China, the biggest country by population and carbon emissions, called on developed nations to provide $490 billion of climate funding to poorer countries through 2020 to help them adapt to droughts and floods.
From 2020, richer countries should give at least 1 percent a year of their gross domestic product to the Green Climate Fund based in Songdo, Korea, China said in a submission published today on the website of the UN Framework Convention on Climate Change. They should give annual funding of $40 billion this year, rising to $100 billion in 2020, it said.
The fund is preparing to raise initial capital this year as nations struggle to meet a target to limit global warming. Humans have emitted more than half the carbon compatible with the goal to keep global temperatures from rising by 2 degrees Celsius (3.6 Fahrenheit), UN scientists said in September. A new climate agreement to be set by the end of 2015 is unlikely to put the Earth on the necessary path, according to Christiana Figueres, executive secretary of the UNFCCC.
“Developed countries are responsible for the current and future concentration of greenhouse gases in the atmosphere because of their historical, current and future emissions,” China said. They need to cut emissions 40 percent from their 1990 levels by 2020, it said.
The European Union proposed in January to cut its emissions by that amount by 2030. It currently has a target for a 20 percent reduction by the end of this decade. Past, current and future emissions are potential indicators of fairness of a nation’s climate pledge, the 28-nation bloc said March 4 in a submission to the UNFCCC.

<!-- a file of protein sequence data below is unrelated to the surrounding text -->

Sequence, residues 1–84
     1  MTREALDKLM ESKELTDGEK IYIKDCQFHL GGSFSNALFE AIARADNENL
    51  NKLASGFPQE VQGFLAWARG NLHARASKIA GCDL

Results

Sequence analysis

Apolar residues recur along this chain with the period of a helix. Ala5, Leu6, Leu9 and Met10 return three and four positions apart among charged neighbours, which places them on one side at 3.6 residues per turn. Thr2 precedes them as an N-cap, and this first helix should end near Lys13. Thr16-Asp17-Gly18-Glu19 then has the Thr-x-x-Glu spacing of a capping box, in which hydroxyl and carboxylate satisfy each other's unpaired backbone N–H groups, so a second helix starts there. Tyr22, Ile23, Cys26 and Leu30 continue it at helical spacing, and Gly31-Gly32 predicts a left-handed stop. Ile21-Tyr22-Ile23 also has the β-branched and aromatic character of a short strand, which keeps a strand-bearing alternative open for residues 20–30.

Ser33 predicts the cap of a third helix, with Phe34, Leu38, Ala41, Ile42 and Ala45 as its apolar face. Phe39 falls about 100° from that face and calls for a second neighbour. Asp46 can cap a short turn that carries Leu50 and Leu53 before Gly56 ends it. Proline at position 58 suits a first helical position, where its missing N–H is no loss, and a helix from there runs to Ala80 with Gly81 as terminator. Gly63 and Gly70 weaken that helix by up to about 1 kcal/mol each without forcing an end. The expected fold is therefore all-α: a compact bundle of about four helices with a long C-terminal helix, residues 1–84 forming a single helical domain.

Developed countries should have more responsibility to provide finance as well as emission cuts than emerging nations and the 2020 deal should be struck under the existing rules of the 1992 convention, China said today.
“Common accounting rules to apply to all developed country parties on their mitigation and provisions of finance, technology and capacity-building support to developing country parties,” the nation said.
The U.S. “would not support a bifurcated approach to the new agreement, particularly one based on groupings that may have made sense in 1992 but that are clearly not rational or workable in the post-2020 era,” the north American nation said Feb. 12 in its submission to the UNFCCC.
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